State legislators in Washington and Kentucky want to amend college admission rules to make computer science count as a foreign language credit. Ars Technica has the scoop on this intriguing story, including some choice quotes from Chris Reykdal, the author of the proposed Washington bill. Reykdal argues that students should learn foreign languages in elementary school, when their younger minds are more receptive to them. By high school, he says, it's "far too late to usually be effective."
Critics argue that programming languages are no substitute for natural ones, which is a fair point. I learned a fair bit of French and Turbo Pascal in high school, and there's no comparing the two. But learning a programming language taught me a different way of thinking about and breaking down problems, which is arguably more valuable—even to people who have no desire to pursue a career in computer science—than memorizing vocabulary and grammar rules that are likely to be forgotten.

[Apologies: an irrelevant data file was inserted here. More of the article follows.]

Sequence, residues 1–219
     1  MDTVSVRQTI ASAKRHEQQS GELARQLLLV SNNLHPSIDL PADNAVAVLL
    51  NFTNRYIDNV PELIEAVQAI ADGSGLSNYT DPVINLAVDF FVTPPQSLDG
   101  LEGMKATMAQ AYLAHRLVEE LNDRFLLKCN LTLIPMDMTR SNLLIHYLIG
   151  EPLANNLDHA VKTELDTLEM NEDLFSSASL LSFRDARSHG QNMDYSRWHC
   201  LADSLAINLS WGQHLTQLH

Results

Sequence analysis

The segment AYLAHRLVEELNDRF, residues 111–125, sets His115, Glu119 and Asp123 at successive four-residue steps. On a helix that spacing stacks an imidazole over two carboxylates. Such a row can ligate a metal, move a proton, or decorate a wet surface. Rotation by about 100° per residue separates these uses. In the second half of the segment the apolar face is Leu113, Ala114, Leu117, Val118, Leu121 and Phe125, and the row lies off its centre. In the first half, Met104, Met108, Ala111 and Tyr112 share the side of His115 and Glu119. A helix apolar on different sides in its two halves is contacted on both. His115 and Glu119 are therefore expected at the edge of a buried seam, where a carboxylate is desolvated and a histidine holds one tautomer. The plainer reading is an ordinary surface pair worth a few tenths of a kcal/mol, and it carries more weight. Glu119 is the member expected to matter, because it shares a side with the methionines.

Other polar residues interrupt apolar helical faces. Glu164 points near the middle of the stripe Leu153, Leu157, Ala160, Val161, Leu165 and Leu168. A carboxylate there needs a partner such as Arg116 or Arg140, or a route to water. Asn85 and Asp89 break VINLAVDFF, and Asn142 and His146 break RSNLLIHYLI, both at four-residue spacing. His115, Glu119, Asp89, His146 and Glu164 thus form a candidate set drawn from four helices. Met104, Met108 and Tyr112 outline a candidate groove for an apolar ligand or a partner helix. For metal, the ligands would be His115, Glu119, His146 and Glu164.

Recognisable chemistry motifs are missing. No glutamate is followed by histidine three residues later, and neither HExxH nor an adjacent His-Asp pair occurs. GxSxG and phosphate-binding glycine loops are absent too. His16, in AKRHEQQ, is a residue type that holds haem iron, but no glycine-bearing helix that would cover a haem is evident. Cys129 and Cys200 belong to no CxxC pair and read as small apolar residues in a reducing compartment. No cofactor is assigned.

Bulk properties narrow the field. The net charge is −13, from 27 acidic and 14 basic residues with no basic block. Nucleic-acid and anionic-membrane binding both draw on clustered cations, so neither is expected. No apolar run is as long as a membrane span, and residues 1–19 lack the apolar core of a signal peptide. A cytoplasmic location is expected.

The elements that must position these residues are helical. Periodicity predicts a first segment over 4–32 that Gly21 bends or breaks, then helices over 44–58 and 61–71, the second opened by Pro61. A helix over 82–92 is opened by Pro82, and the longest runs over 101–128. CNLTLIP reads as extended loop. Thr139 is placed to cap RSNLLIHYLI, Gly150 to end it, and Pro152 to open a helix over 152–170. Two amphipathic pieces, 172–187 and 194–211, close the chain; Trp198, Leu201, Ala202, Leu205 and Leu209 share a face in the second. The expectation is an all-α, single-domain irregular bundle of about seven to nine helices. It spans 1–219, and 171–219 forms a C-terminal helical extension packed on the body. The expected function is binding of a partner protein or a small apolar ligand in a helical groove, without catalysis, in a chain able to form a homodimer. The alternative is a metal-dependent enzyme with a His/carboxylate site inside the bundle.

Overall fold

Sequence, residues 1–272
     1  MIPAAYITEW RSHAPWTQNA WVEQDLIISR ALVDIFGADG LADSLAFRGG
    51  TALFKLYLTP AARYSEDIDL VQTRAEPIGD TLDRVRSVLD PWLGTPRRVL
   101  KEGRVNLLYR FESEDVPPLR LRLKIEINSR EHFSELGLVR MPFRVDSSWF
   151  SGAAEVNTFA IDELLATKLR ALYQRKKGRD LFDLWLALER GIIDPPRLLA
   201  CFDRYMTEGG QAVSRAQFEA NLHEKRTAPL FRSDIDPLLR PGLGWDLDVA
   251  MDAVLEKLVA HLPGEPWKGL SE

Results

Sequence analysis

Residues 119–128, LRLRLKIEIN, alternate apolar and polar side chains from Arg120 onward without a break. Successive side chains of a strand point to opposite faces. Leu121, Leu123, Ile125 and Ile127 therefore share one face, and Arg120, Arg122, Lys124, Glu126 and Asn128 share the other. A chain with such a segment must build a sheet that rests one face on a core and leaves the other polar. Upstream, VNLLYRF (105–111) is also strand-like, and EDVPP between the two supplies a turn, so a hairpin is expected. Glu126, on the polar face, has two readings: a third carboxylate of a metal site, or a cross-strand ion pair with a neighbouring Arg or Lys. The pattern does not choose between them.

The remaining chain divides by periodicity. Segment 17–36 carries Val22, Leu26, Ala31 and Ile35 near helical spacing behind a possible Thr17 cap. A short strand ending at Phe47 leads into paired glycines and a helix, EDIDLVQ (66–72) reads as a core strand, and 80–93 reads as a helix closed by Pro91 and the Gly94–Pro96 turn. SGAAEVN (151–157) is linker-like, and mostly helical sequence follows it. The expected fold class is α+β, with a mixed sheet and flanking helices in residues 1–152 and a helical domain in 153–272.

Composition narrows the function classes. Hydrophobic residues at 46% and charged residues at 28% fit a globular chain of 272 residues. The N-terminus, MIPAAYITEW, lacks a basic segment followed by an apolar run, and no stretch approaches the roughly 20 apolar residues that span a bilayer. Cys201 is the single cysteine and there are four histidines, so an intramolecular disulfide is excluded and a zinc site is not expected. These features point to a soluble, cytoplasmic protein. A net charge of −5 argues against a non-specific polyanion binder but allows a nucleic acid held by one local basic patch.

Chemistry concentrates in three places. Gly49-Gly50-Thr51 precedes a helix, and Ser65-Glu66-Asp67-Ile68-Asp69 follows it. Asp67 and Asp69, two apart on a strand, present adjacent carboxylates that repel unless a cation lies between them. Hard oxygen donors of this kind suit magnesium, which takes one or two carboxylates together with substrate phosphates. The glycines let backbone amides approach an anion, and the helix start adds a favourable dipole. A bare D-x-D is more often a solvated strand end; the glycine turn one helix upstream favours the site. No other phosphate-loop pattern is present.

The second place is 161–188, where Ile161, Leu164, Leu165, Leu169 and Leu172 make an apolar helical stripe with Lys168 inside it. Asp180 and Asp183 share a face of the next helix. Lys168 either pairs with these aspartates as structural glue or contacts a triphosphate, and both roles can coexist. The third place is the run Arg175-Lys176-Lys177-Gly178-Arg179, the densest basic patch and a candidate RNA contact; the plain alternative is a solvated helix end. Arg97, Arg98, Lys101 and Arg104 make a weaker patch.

Reykdal adds that, despite a growing market for computer science grads, "we don't give kids a meaningful shot in getting some computer science basics before they go to university." Changing admission requirements won't necessarily give students more opportunities to learn programming languages in high school. However, it opens the door to a larger discussion about how much computer science high-schoolers should be exposed to in this increasingly technological age.
What do you think?